DOJ Settles “First of its Kind” FCA Suit Involving Retention of Overpayments
On August 3, the Department of Justice announced the first False Claims Act settlement of a case involving a health-care provider’s alleged failure to investigate, identify and refund overpayments from government programs, including Medicare, Medicaid and TRICARE. Such claims (and settlements) may become more common given the recent amendments to the FCA in 2010, which provide that Medicare and Medicaid overpayments be reported and returned within “60 days after the date on which the overpayment was identified.” 42 U.S.C. §1320a-7k(d)(2).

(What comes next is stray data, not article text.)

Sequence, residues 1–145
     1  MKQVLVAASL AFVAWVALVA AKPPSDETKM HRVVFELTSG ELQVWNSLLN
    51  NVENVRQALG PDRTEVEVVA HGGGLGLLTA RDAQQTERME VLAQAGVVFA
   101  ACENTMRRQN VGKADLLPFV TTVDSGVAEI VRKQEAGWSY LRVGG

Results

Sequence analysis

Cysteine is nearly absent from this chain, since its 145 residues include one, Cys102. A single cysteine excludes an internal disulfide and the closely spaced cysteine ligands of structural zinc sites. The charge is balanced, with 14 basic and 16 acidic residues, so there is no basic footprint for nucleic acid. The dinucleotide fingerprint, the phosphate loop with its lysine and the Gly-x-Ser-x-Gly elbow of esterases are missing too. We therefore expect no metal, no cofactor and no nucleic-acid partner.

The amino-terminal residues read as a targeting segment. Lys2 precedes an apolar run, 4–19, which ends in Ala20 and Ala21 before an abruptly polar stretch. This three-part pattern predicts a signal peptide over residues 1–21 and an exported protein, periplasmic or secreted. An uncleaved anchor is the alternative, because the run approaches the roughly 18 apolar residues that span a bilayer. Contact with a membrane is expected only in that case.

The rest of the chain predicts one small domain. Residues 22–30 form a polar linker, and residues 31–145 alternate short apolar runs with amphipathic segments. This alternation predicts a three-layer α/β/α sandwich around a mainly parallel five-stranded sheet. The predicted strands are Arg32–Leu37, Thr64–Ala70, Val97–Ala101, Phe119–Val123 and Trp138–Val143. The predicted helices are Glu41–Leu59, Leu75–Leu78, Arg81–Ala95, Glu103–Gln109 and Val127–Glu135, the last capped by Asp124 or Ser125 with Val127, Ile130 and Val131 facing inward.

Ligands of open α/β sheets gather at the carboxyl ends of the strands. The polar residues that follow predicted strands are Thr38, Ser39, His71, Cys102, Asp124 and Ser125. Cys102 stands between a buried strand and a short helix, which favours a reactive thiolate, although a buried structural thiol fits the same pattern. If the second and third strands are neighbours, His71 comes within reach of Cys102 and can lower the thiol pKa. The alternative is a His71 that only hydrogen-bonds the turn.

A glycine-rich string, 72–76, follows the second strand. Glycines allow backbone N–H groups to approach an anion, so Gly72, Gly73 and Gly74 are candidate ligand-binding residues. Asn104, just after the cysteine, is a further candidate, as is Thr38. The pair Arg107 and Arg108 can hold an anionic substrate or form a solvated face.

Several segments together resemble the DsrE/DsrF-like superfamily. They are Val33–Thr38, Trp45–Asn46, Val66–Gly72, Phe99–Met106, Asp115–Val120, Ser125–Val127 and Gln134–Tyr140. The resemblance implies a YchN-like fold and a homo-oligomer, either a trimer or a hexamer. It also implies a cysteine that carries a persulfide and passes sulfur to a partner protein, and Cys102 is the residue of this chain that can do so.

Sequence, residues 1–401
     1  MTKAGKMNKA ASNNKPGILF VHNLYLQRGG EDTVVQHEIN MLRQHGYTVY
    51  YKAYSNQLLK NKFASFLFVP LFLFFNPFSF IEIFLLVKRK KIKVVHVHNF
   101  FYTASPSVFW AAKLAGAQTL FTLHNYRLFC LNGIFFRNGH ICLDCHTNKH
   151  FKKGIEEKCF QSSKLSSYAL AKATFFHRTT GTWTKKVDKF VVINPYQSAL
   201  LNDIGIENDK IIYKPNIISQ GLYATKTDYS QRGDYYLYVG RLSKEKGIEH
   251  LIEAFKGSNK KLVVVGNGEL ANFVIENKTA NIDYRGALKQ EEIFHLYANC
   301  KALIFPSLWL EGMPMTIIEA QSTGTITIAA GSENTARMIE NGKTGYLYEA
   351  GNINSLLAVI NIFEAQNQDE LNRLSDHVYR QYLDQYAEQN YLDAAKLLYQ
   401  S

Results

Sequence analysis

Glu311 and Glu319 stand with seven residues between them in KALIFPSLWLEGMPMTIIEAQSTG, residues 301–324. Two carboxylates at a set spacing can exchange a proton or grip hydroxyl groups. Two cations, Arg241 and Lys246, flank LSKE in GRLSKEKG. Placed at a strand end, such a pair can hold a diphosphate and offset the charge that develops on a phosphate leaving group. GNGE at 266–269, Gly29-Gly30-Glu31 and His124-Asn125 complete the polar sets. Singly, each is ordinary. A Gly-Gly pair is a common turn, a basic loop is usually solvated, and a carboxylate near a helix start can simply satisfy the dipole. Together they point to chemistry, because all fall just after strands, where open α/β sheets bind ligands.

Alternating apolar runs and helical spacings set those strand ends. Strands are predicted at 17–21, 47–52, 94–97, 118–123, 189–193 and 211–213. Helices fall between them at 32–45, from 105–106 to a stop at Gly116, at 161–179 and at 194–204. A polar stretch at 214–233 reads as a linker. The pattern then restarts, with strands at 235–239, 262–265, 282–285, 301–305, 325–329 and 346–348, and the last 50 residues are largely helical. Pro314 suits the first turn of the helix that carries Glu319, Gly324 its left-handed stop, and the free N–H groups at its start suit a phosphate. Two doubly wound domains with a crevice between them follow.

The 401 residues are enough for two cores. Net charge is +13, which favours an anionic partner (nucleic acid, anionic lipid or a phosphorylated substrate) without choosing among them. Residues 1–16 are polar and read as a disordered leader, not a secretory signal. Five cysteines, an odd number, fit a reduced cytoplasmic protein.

The health-care provider agreed to pay $6.88 million as part of a global settlement of United States ex rel. Odumosu v. Pediatric Services of America, Inc. et al., No. 1:11-cv-1007 (N.D. Ga. filed March 30, 2011) and United States ex rel. McCray v. Pediatric Services of America, Inc. et al., No. 4:13-cv-127 (S.D. Ga. filed May 24, 2013). These cases involved allegations that the health-care provider failed to disclose and refund overpayments for time that had been improperly rounded up and claims for services that had been improperly supervised. The cases had been administratively closed earlier this year to provide the parties time to engage in extended global settlement negotiations. In late July, the United States sought permission to have them administratively re-opened. As part of their July 30 filing, the United States elected to intervene in part on claims that the health-care provider failed to return overpayments received from federally-insured health programs, knowingly submitted claims for services that were not reimbursable, and overstated the length of time of certain services. The United States declined to intervene on the remaining allegations. It attached a fully-executed copy of its settlement agreement with the health-care provider and noted that each of the “Plaintiff States” had executed separate settlement agreements resolving claims under their respective false claims statutes.